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First off - I've been writing at least a page every morning/afternoon for the past few weeks, and it's really great. You get into the routine of doing it - and if you're interested as a hobbyist in doing anything, it's important to find to time do it.
I've really been proud of myself with the progress I've been able to make with the script I'm working on - and I've almost finished another two scenes just today - bringing me ever close to finishing the first draft of this thing. And that's very exciting.
Free from the Beeb
I've been doing research on writing, and on writing scripts - and I'm excited to say that I've found a link from the BBC that offers a free download of some script-writing software if you're interested. Check it out and download it if you'd like.
Note to self
I'm just linking here - it'd be great to have a literary agent. Here's a link to one. Also, if you're looking for tips or information on software or building a scene list, you can look here. And if you're looking to pitch your project to someone else - you definitely want some pointers on how to write a Treatment, which is located in this link.
I haven't had trouble with inspiration - because I haven't changed projects too often. I've got the Tomb of the Undead and Lefevre's Redemption articles going for me. When it comes to writing something new - I just haven't got to it yet. I really want to wrap these up before I move on to something else - although I did develop a new stylistic technique/strategy for LR that could take some of this article's advice:
The screenwriters guide suggests you practice the art of people watching, with a close detailed observation in all your daily activities. t will become easier once you begin to make it a point to people watch. Not only will inspiration strike when you least expect it, but watching people can help you see the truth in your script writing. Your screenplays will take on a whole new level as you begin writing more realistically and authentically from your heart. And your characters actions and dialog [sic] will become more realistic as well.I'm not sure if anyone is familiar with the soft lead and the feature story structures - but they work in a simple way. You start your story off with something interesting, but not necessarily essential to your story. This is the "Feel good" beginning, where you often say, "He didn't always want to be a pro baseball player, it just fell into his lap" and then go into how the player got his first taste of baseball from a random fly ball that hit him on the bleachers or something.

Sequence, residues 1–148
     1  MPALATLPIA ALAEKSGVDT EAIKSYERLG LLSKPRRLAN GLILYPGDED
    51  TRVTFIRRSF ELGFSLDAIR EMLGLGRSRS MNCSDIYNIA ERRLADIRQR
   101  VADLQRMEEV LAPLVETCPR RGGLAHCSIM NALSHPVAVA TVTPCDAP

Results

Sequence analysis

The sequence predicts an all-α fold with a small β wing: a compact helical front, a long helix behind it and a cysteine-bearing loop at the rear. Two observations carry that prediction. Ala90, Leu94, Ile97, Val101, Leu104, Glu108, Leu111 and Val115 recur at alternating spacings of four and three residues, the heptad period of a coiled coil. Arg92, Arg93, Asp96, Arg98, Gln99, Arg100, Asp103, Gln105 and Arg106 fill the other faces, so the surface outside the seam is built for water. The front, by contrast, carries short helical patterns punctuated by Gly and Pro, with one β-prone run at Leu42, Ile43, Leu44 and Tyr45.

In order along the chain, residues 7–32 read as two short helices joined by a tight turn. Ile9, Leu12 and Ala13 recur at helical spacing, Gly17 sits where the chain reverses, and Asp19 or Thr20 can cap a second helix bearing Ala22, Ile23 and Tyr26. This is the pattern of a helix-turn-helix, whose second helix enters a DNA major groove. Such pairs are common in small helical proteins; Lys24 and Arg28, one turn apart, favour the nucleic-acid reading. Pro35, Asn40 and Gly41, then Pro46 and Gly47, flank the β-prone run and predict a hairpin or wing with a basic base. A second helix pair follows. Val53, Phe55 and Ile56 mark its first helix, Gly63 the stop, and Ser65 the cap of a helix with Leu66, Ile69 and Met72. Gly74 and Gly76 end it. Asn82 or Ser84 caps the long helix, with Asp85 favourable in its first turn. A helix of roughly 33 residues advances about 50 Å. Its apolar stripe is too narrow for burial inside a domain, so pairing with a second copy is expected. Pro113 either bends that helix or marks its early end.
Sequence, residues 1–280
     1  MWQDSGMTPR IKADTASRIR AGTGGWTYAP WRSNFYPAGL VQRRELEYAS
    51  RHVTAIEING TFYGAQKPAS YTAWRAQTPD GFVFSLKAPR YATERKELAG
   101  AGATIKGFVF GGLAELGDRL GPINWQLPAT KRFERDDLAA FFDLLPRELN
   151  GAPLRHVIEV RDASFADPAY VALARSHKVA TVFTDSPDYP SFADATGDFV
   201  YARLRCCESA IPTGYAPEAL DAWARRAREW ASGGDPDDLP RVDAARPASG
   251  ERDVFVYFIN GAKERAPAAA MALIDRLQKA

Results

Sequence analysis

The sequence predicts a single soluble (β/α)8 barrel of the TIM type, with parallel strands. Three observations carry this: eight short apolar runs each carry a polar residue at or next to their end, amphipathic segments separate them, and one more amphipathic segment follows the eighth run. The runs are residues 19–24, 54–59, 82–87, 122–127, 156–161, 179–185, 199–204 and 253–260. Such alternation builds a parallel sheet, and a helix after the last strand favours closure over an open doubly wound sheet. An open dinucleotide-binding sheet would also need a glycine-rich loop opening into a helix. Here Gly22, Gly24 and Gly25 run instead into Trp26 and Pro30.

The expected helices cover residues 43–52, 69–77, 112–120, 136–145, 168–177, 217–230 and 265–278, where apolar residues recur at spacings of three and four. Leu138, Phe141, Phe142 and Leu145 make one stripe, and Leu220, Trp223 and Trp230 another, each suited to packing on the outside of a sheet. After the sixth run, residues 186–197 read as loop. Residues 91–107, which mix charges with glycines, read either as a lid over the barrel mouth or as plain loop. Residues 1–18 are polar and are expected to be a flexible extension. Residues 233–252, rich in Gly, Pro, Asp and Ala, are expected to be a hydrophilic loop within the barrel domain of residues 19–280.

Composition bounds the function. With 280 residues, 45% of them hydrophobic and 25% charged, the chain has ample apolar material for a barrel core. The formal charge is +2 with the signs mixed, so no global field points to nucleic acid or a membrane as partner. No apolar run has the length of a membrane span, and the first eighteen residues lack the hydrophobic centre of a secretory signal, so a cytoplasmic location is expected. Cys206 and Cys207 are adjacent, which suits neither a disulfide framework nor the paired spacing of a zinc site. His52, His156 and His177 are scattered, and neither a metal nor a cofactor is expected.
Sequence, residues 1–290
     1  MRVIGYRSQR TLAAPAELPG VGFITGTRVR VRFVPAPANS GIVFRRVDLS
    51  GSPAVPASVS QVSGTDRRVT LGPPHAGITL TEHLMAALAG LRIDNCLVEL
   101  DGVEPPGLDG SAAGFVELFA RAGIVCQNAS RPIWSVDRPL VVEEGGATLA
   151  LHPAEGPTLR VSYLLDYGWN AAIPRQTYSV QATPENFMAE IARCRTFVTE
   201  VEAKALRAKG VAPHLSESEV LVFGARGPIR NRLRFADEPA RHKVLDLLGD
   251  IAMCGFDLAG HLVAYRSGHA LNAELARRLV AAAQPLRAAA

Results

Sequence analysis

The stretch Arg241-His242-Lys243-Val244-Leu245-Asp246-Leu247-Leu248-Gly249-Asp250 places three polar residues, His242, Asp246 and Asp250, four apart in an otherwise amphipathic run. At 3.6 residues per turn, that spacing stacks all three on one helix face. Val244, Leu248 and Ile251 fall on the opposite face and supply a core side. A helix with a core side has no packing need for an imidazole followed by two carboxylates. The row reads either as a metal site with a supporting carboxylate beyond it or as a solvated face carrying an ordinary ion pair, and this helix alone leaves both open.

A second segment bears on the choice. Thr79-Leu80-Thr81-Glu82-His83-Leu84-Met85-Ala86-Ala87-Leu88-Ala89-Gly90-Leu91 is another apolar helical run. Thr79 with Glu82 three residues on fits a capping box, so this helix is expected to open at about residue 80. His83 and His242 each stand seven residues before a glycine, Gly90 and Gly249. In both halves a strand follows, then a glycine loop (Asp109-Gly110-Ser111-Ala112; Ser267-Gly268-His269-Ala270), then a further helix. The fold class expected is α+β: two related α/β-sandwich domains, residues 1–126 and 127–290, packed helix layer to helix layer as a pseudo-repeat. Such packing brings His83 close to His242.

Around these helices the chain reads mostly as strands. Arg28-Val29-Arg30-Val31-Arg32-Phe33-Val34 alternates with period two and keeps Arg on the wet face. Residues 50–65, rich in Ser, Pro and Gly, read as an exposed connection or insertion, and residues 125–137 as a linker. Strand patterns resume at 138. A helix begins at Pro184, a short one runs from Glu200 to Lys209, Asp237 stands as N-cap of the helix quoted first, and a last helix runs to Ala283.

This would segue into an article on the pro baller and then end with a reminiscent tone of his early beginnings, referencing that early accomplishment. It would be like, "He's sure come a long way from having baseball dropped into his lap - now he's hitting homeruns out into the laps of the next generation of soon-to-be ball players." Or something like that. It's kinda kitschy, but it's also sentimental.
Anyhow - this is important to me because I think I can use this narrative technique in Lefevre's Redemption over the course of a few chapters. Instead of writing a narrative chapter just explaining what happens and what is said, you start with a soft lead, talking about a moment in the past that might serve some relevance to what happens in the chapter, and then you end with a reference to it again - the reader has a moment of recollection from the past, connecting the importance of what he learned back then, and how it applies to know, and packages the story in a neat and sentimental sort of way. It's a powerful technique if done properly. And I think it could crank Lefevre's Redemption up a notch when you're reading it.
Anyhow - people watching is a great way to get inspiration. You can just see them and let your prejudices and imagination invent histories and motivators for them, imagine what they're up to, where they're going, and what they're like. Then using that motivation to develop a story or back story that fits what you're looking for.
I'm looking forward to this! Granted, not looking forward to the heavy editing and rewriting that Lefevre's Redemption still requires. I've only gone through the first four chapters in this phase of the edit, and it's cumbersome!